You can't get away from any of that in Memphis. The ghosts of it still linger downtown. That sort of backdrop really lends itself well to dark crime stories.
PS: It seems to me that one of the challenges of writing noir is negotiating how dark a character can be before losing the reader’s sympathy. Both Phineas and Charlie have their share of psychotic moments, but to me there’s also something kind of “normal” about them, if I can use that word. They’re sympathetic and, in a way, relatable. Or at least understandable. This is my long-winded way of asking, can you say a few words about developing your main characters, and what challenges you faced when writing them?
HL: Both Charlie and the Reverend were amazingly easy to write. Maybe they're both relatable because the idea of good guy/bad guy just didn't come into the equation. I tried to give both of them real foibles--Charlie his desperate need for human contact, the Reverend his burning desire for... um, booze? Women? But more importantly his thirst to bring Hell down upon the town of Cuba Landing. All those things are twisted, I suppose, but easily understandable.
PS: Did you ever encounter any roadblocks when writing the novel? If so, how did you keep from giving up or scrapping the project altogether?
HL: When I was about halfway through the book, some years ago, my entire life collapsed around me. Got a divorce, went into a monstrous tailspin of depression. Crashed on many sofas, ultimately slept in the back of my car. This crazy shit went on for almost two years before I finally got my act together (well, as much as possible!). When I finally got back to The Bastard Hand I had a very different perspective. So the second half of the book is maybe a bit angrier, a bit more "spiraling out-of-control"-feeling, whereas the beginning is a bit funnier.
PS: What does your writing station look like?
HL: It's a god-awful mess. Books and papers everywhere. Notebooks and loose change, flash drives and Batman action figures.
PS: Token goofy interview question: favorite snack while writing?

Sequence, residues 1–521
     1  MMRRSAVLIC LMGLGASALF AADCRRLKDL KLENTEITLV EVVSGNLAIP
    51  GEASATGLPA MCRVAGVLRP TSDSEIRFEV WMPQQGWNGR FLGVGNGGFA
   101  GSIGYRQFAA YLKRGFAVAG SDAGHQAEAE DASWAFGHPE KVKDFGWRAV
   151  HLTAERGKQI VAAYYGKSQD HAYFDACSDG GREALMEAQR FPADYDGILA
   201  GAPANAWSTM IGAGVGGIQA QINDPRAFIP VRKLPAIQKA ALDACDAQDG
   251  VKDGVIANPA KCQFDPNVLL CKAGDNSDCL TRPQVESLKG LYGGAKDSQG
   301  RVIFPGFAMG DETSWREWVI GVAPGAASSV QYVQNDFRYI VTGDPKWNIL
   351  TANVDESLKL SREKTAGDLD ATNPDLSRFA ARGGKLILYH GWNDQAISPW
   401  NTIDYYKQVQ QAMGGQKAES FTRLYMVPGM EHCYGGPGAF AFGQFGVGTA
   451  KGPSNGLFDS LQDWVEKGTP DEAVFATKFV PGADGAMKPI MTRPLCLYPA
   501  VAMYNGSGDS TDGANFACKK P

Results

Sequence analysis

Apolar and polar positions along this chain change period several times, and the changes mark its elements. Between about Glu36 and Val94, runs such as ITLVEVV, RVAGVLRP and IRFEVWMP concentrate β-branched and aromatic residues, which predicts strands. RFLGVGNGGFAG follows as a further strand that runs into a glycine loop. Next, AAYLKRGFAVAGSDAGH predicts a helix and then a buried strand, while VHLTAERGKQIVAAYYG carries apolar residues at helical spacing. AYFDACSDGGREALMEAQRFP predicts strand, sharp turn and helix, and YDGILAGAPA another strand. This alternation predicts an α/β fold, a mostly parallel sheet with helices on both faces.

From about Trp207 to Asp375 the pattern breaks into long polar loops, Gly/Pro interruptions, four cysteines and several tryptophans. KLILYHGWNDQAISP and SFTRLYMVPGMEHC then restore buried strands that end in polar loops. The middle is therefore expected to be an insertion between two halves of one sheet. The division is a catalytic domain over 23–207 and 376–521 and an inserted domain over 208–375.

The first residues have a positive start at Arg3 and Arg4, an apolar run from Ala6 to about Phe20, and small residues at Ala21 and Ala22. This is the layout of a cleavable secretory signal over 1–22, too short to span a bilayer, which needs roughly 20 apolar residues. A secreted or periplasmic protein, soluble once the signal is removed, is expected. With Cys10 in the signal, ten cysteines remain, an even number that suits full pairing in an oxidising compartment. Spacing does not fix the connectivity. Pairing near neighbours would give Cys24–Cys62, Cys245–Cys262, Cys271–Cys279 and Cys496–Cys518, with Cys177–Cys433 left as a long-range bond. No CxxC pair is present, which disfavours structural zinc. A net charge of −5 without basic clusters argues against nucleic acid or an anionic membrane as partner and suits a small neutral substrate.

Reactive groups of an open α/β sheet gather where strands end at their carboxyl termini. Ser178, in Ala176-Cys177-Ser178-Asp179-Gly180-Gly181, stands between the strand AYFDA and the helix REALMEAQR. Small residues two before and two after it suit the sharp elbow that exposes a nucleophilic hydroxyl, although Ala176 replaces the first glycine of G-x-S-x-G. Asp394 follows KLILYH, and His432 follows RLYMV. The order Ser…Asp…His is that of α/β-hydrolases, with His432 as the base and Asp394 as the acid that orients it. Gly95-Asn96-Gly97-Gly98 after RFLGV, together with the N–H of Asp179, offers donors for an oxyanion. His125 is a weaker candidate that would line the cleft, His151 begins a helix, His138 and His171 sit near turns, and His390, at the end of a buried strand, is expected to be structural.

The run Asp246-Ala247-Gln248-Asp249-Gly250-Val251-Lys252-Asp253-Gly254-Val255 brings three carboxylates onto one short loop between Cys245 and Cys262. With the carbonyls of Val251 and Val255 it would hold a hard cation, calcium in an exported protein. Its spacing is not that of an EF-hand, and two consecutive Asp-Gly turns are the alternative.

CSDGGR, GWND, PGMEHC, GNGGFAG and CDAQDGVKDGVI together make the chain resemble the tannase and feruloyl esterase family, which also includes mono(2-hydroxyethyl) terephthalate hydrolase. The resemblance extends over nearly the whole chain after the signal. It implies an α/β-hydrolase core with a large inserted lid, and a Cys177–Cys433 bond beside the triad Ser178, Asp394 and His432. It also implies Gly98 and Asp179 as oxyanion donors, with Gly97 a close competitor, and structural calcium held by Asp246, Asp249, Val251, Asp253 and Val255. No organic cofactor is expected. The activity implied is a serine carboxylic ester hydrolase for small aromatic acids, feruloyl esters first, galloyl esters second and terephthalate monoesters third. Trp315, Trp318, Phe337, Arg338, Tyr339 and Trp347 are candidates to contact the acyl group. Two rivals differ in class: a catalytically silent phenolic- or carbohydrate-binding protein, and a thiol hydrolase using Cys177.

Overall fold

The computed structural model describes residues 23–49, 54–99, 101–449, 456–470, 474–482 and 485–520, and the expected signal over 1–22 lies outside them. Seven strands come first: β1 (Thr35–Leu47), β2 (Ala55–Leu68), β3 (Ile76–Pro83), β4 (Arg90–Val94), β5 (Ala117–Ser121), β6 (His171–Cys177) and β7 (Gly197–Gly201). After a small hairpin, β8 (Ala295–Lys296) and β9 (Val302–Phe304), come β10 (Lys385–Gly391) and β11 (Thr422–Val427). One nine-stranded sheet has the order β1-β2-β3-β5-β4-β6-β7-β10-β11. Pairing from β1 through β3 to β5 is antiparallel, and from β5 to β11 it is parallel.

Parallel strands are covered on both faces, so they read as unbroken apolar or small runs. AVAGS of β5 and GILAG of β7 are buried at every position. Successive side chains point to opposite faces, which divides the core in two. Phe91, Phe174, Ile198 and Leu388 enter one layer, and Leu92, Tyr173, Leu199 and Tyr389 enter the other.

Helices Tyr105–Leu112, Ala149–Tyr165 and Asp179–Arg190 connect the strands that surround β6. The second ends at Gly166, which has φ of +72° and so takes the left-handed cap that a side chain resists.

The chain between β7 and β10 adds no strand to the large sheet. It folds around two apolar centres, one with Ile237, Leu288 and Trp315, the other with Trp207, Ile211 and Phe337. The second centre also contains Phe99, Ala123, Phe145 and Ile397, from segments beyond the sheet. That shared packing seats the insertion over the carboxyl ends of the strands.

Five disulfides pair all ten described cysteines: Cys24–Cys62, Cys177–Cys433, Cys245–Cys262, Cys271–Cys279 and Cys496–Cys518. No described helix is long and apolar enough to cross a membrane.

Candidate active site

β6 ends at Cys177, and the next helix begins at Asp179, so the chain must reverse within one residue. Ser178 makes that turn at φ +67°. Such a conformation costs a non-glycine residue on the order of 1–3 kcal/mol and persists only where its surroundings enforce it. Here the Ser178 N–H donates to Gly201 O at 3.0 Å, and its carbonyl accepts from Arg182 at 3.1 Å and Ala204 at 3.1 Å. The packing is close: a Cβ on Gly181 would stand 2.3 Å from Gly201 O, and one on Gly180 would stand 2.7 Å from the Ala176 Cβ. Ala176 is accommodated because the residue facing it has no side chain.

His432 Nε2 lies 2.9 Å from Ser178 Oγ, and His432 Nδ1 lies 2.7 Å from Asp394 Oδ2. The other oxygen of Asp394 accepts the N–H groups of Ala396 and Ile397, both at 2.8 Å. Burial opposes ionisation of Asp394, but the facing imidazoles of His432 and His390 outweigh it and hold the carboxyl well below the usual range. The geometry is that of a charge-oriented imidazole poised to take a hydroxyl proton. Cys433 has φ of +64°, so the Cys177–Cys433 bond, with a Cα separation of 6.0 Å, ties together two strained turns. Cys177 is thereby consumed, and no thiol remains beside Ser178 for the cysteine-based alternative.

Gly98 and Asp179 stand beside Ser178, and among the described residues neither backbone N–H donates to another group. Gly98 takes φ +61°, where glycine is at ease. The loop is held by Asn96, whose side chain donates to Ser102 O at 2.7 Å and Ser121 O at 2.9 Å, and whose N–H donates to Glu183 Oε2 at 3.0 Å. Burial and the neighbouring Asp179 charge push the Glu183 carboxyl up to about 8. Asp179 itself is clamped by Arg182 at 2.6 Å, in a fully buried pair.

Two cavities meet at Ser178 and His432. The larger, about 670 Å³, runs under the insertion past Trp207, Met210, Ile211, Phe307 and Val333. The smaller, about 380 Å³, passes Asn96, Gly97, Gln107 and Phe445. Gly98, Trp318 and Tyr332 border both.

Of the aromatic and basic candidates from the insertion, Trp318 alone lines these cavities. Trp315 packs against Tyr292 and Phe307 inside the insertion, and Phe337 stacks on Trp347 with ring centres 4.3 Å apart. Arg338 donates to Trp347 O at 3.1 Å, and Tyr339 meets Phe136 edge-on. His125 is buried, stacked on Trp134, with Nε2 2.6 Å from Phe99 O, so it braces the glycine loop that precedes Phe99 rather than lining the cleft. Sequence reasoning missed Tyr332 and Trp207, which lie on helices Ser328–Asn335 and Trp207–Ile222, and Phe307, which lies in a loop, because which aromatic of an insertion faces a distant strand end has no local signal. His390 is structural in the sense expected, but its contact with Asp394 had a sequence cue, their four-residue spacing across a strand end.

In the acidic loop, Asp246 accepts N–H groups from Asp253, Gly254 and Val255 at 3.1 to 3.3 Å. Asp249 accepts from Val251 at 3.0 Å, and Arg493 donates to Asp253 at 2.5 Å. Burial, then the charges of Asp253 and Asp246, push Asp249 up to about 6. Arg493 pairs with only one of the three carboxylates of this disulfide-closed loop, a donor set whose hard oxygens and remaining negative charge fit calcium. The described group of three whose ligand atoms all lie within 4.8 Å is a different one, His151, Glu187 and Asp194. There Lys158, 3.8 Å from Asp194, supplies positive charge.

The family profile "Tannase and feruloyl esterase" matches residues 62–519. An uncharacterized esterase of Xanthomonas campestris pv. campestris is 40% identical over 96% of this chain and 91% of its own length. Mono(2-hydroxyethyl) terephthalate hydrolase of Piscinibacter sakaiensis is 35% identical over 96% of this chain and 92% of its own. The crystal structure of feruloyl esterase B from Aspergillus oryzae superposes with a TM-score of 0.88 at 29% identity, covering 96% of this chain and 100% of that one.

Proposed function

HL: White Cheddar Cheez-Its, which drives my wife nuts. That cheezy stuff sticks to your fingers and gets all over the keyboard.
PS: For a while you were hosting an Essential Noir series on your blog, Psycho Noir, where guests contributed their own lists. Where did the idea for this come from, and what does your To Be Read pile look like now?
HL: The idea came only because I was truly interested in what other people with good taste were reading. And it paid off--there were several writers mentioned that I'd never heard of, let alone read, and I immediately started in on making myself familiar with them.
To Be Read, currently: Vincent Zandri's re-issue of Godchild is waiting for review, and I'm really looking forward to it. I just bought a stack of Loren Estleman books that I haven't read yet. And another stack of Frank Kane stuff. More Richard Stark, because I can't allow a month to go by without reading him. Also, you had suggested a few good Westerns for me, which I really need to get to because I'm thinking I'd like to write a Western eventually.
PS: What’s up next for Heath Lowrance?
HL: Good Lord willin' and the creek don't rise, I have a second novel, called City of Heretics, which takes my pathological need to poke at religion to ridiculous lengths. There's an agent looking at it now, the agent of my dreams, actually, and with any luck she'll take the bait. In the meantime, I'm at work on a third, which has nothing to do with religion and everything to do with Professional Wrestling. It's called The Heel.
Those, and a handful of short stories here and there. The usual.
PS: Thanks, Heath, for your participation and best wishes for The Bastard Hand!
Heath Lowrance Interview
Subscribe to: Post Comments (Atom)
"Test Tube Baby" by Sam Fuller (1936)
Test Tube Baby is the second novel from Samuel Fuller (here credited as “Sam Fuller”). Published in 1936 by Godwin, Publishers, it is among...
Clifton Adams was born December 1, 1919 in Comanche, OK, and he passed away due to a heart attack on October 7, 1971 in San Francisco, CA. T...
A few recent additions to the library: Beach Bodies (2022) by Nick Kolakowski, Say Goodbye When I'm Gone (2020) by Stephen J. Golds, a...
Recently I had the pleasure of participating in a feature-length essay film experiment by director Matt Barry. As part of a folk-film challe...
Great interview. Looking forward to the rest of Heath's work.ReplyDelete
Great interview and a great talent...ReplyDelete
Nice article, thanks for the information.ReplyDelete
Thanks for having me, Cullen!ReplyDelete
I'll second what Jon said above...ReplyDelete
Very good interview. I am in league with Paul D Brazill,Jon Bassoff, and Al Leverone, I could not have said it better. Eager for next Heath Lowrance Event.ReplyDelete